Tighten anti-terror laws? Not so fast. From the New York Times, with thanks to Nicolei:
BERLIN, May 4 – Even as the long-awaited terrorism trial of an accused operative of Al Qaeda opened in Berlin on Tuesday, a two-year effort by this country to make it easier to imprison or expel suspected supporters of Islamic terrorism seemed to collapse because of opposition from one of the junior partners in the government coalition.
The impasse, which has created a crisis for the government of Chancellor Gerhard SchrÃ¶der, dealt a sharp blow to German efforts to enact tougher security regulations in the wake of the Sept. 11 attacks, which were largely carried out by Muslim extremists living in Germany.
Prosecutors outlined their case on Tuesday against Ishan Garnaoui, 33, a Tunisian-born man who was arrested in March last year. He is accused of having attended a Qaeda training camp in Afghanistan in 2001 and, beginning in 2003, of organizing and training a group of Muslims at a Berlin mosque to carry out a series of bomb attacks against Jewish and American targets in Germany to coincide with the start of the American invasion of Iraq.
The indictment, which was read in court on Wednesday, said Mr. Garnaoui frequented Al Nur Mosque in Berlin, long believed by the police to be a center for Islamic militants. Police records are expected to show that the mosque was largely financed by a Saudi charity, known as the Haramain Foundation, long a focus of investigations in the United States and other countries.
The police records indicate that a diplomat at the Saudi Embassy in Berlin, Muhammad J. Fakihi, was a frequent visitor to the mosque and transferred money to it. Mr. Fakihi, who was director of the Islamic Affairs Department for the embassy, left the country last year after the German authorities raised questions about his possible support of Mr. Garnaoui and other Muslim militants.
According to the indictment, Mr. Garnaoui returned to Germany from Afghanistan in January 2003 with orders from Osama bin Laden, the leader of Al Qaeda, to carry out bomb attacks. He began recruiting Arab students and asylum seekers at Al Nur Mosque in the working-class neighborhood of NeukÃ¶lln, setting up a sports club at the mosque, the indictment says. But the club’s sessions were said to be classes in the concept of jihad, or Islamic holy war, and occasions for training in bomb-making and weapons use.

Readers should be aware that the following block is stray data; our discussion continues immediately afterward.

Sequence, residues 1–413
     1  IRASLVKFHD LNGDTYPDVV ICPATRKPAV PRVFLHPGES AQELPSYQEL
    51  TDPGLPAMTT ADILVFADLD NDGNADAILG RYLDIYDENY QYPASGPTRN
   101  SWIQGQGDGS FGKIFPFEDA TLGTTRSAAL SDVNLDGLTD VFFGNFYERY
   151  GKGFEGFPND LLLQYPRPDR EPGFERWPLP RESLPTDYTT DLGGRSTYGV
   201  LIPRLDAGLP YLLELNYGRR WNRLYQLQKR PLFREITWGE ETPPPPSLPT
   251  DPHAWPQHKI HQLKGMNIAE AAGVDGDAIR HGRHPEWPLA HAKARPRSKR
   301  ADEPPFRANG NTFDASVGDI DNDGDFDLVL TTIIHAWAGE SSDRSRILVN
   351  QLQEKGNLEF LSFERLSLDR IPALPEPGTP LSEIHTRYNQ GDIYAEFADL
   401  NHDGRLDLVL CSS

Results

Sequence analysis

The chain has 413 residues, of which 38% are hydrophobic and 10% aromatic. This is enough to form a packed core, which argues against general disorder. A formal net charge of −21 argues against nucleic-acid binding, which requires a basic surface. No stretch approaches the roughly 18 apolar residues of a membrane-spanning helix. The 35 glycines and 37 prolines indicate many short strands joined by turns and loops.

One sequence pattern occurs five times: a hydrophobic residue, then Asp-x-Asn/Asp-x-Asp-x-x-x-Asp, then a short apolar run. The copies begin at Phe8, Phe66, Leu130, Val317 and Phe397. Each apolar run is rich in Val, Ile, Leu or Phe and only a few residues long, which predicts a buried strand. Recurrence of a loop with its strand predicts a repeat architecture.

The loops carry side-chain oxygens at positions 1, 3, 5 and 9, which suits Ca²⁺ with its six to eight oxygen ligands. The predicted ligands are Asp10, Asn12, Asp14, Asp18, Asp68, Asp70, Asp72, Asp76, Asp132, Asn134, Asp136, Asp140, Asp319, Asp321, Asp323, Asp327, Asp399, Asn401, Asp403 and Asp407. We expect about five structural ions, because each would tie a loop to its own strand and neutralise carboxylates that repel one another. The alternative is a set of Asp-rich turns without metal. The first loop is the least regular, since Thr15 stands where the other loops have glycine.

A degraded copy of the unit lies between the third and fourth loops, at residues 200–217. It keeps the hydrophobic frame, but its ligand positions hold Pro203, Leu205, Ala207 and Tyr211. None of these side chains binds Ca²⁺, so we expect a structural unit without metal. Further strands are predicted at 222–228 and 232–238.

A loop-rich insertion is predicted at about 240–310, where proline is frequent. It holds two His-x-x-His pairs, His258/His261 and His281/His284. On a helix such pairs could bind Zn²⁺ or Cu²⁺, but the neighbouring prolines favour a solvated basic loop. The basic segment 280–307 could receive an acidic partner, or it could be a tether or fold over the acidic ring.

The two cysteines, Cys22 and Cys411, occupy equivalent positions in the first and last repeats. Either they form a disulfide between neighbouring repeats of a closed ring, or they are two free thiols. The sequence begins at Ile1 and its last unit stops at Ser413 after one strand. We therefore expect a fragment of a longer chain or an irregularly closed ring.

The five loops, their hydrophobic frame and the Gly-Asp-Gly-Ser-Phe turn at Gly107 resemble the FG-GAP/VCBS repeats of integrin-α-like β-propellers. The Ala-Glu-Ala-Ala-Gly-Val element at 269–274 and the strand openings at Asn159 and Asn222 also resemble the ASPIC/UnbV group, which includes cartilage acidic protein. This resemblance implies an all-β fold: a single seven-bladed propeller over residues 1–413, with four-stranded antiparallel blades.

On Tuesday, however, defense lawyers disputed the prosecution’s contention that Mr. Garnaoui ever received training at a Qaeda camp in Afghanistan or became involved in terrorism in Germany.
Almost simultaneously with the reading of the indictment against Mr. Garnaoui, the long effort to negotiate a new immigration law was abandoned by the Green Party, the main coalition partner in Mr. SchrÃ¶der’s government, party leaders said. The goal of the new legislation was to change German immigration laws, which block citizens of countries that do not belong to the European Union from coming here to work while making it very difficult to expel people who come illegally or who claim political asylum – including those suspected of supporting terrorism.
The German interior minister, Otto Schily, has expressed strong support for new measures, saying in recent interviews that the German police needed ways to deal with people who present what he called “a massive threat” to Germany.
Mr. Schily caused a stir when he told a German magazine, Der Spiegel, last week that in cases in which there was a direct danger of terrorism it should be possible to take a suspect into preventive custody, or, under extreme circumstances, to carry out assassinations.
“Is there not a right of self-defense against terrorists who plan mass murder?” he asked. “That leads to the question whether in extreme cases it is justified to kill that person in self-defense.”
But in pressing for new legislation, the government ran into opposition on almost every front, from conservatives who wanted stronger security measures to Social Democrats who feared opening the doors to new immigration at a time of high unemployment. The Greens worried, among other things, that the regulations allowing easier detentions or expulsions of terror suspects would subvert Germany’s civil rights protections.